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Black beans are an excellent dietary source of magnesium.Getty Images/iStockphoto

It’s an essential mineral many people might not think about. But here’s why you should.

Magnesium – plentiful in pumpkin seeds, spinach and black beans – plays an essential role in many bodily processes including muscle and nerve function, strengthening bones, producing protein and energy, controlling blood sugar and regulating blood pressure.

Yet, many Canadians don’t get enough magnesium. According to Health Canada, more than one-third of adults don’t meet daily requirements.

We’re not alone. U.S. data suggests that 48 per cent of Americans of all ages have lower magnesium intakes than recommended.

Here’s what to know about this under-consumed mineral – its potential health benefits, best food sources and types of supplements.

Magnesium’s health benefits

Numerous studies have tied a higher magnesium intake from foods to a lower risk of type 2 diabetes, high blood pressure, stroke, heart failure and colorectal cancer.

Recent research also suggests that consuming more magnesium-rich foods in middle age may help slow brain aging in later years.

And getting more magnesium from diet, as well as supplements, has been associated with higher bone densities and a slower rate of bone loss in post-menopausal women.

There’s solid evidence that magnesium supplementation, over the short term, is effective for treating constipation.

Magnesium is also thought to play a role in sleep since it influences the activity of certain brain chemicals that calm the central nervous system and relax muscles. Yet there’s no good evidence that supplementing with magnesium improves sleep quality.

Top food sources

Daily magnesium requirements for adults are 310 to 320 mg (for females) and 400 to 420 mg (for males). Kids ages 4 to 8 need 130 mg per day, and ages 9 to 13 require 240 mg. Teens from 14 to 18 should consume 360 mg (females) and 410 mg (males) each day.

The best food sources of magnesium are leafy green vegetables, beans and lentils, nuts, seeds and whole grains.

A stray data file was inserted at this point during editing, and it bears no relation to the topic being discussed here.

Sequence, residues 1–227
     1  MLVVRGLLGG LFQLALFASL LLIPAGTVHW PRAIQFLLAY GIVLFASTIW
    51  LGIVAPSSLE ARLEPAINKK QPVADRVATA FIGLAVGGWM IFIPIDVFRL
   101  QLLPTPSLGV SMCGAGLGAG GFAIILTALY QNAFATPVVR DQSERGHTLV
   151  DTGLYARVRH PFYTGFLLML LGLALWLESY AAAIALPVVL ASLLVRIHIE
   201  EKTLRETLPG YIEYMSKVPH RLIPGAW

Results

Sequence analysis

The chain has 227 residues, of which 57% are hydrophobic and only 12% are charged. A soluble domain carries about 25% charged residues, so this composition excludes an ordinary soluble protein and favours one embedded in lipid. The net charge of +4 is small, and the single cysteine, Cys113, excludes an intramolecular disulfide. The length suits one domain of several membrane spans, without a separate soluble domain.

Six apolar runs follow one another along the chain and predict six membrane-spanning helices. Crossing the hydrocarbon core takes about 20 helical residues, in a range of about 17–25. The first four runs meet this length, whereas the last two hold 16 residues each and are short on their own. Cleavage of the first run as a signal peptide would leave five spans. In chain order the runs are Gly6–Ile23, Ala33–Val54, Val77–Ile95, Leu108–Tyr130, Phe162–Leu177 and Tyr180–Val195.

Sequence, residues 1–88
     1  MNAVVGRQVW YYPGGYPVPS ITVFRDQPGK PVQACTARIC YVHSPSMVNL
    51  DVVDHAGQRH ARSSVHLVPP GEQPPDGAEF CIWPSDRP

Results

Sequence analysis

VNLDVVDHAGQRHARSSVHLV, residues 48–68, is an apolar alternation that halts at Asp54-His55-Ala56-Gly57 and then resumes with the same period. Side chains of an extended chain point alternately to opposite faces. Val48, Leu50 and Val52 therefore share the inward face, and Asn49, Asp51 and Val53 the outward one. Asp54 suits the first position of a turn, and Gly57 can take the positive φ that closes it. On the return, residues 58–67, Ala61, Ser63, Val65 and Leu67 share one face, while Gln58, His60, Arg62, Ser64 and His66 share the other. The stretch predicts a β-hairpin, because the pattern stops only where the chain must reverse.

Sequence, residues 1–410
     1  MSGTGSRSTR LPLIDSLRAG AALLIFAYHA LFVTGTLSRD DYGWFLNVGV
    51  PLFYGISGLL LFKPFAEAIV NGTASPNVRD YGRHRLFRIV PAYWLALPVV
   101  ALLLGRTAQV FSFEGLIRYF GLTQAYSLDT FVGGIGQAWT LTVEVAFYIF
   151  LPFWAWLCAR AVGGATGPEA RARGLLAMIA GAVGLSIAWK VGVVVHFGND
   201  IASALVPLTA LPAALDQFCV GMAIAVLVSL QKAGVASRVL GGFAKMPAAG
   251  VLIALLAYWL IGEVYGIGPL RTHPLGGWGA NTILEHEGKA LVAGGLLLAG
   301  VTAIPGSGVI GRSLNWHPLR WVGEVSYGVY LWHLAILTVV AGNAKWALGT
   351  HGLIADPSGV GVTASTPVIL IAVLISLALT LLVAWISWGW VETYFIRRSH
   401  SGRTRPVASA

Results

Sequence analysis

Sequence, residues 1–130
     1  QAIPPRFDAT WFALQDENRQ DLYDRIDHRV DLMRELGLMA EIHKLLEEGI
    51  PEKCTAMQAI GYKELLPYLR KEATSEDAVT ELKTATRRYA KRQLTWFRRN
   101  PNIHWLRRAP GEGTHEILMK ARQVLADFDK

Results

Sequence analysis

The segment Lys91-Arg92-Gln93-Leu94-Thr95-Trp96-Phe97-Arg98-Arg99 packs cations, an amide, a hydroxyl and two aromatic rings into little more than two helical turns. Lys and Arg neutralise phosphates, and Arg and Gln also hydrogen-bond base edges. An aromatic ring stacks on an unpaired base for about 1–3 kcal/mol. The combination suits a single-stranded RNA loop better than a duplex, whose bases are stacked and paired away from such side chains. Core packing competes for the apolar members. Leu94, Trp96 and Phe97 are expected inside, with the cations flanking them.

Spinach and Swiss chard each deliver 160 mg of magnesium per one cup cooked. Beet greens and kale are also good sources.

Pumpkin seeds provide 190 mg of magnesium per one-quarter cup. Hemp and chia seeds serve up 100 and 90 mg of magnesium per two tablespoons, respectively.

You’ll find 100 mg of magnesium in one-quarter cup of both sunflower seeds and almonds. The same serving size of cashews supplies 74 mg.

Black beans, navy beans, edamame and tempeh are also rich in magnesium.

When it comes to whole grains, teff, amaranth, quinoa, spelt and brown rice are very good sources. So are 100 per cent bran cereals, including oat bran.

Who’s at risk for getting too little?

It’s uncommon to have symptomatic magnesium deficiency because of low dietary intake in healthy people. That’s because our kidneys limit magnesium excretion in the urine when intake is low.

Even so, a habitual low-magnesium diet or losing too much of the mineral because of certain health conditions or medications can lead to magnesium deficiency.

Chronic diarrhea, Crohn’s disease and celiac disease, for example, can lead to magnesium depletion.

People with type 2 diabetes or insulin resistance may also be at risk of magnesium deficiency from increased urinary loss of magnesium.

Older adults who consume too little magnesium are also at increased risk. With age, magnesium absorption decreases and urinary magnesium excretion increases.

Proton pump inhibitors (such as omeprazole, esomeprazole and lansoprazole), used to treat acid reflux and stomach ulcers, can cause low magnesium levels when taken long-term (for more than a year).

Certain diuretics (such as furosemide and hydrochlorothiazide) increase the loss of magnesium in the urine and can lead to depletion.

Do you need a magnesium supplement?

Meeting daily magnesium requirements from foods should be your first strategy. Along with magnesium, whole foods deliver plenty of other nutritional benefits.

If you can’t get enough magnesium from your diet, consider a supplement to bridge the gap. Magnesium supplements typically come in doses of 100 to 250 mg.

Magnesium citrate and magnesium glycinate are common types of magnesium supplements. Both are well absorbed in the intestinal tract.

Magnesium citrate is also used to treat constipation since it pulls water into the intestines, making stool softer and easier to pass.

Magnesium oxide is poorly absorbed by the digestive tract. As such, it’s not the most effective type to increase magnesium levels in the body. It has a strong laxative effect and is used to treat constipation. It’s also used for heartburn.

The tolerable upper intake level of supplemental magnesium is 350 mg (this doesn’t include magnesium in foods). Consuming more than 350 mg may cause intestinal cramping, loose stools and nausea.

Consult your health care provider to determine if a magnesium supplement will benefit you.

Leslie Beck, a Toronto-based private practice dietitian, is director of food and nutrition at Medcan. Follow her on X @LeslieBeckRD

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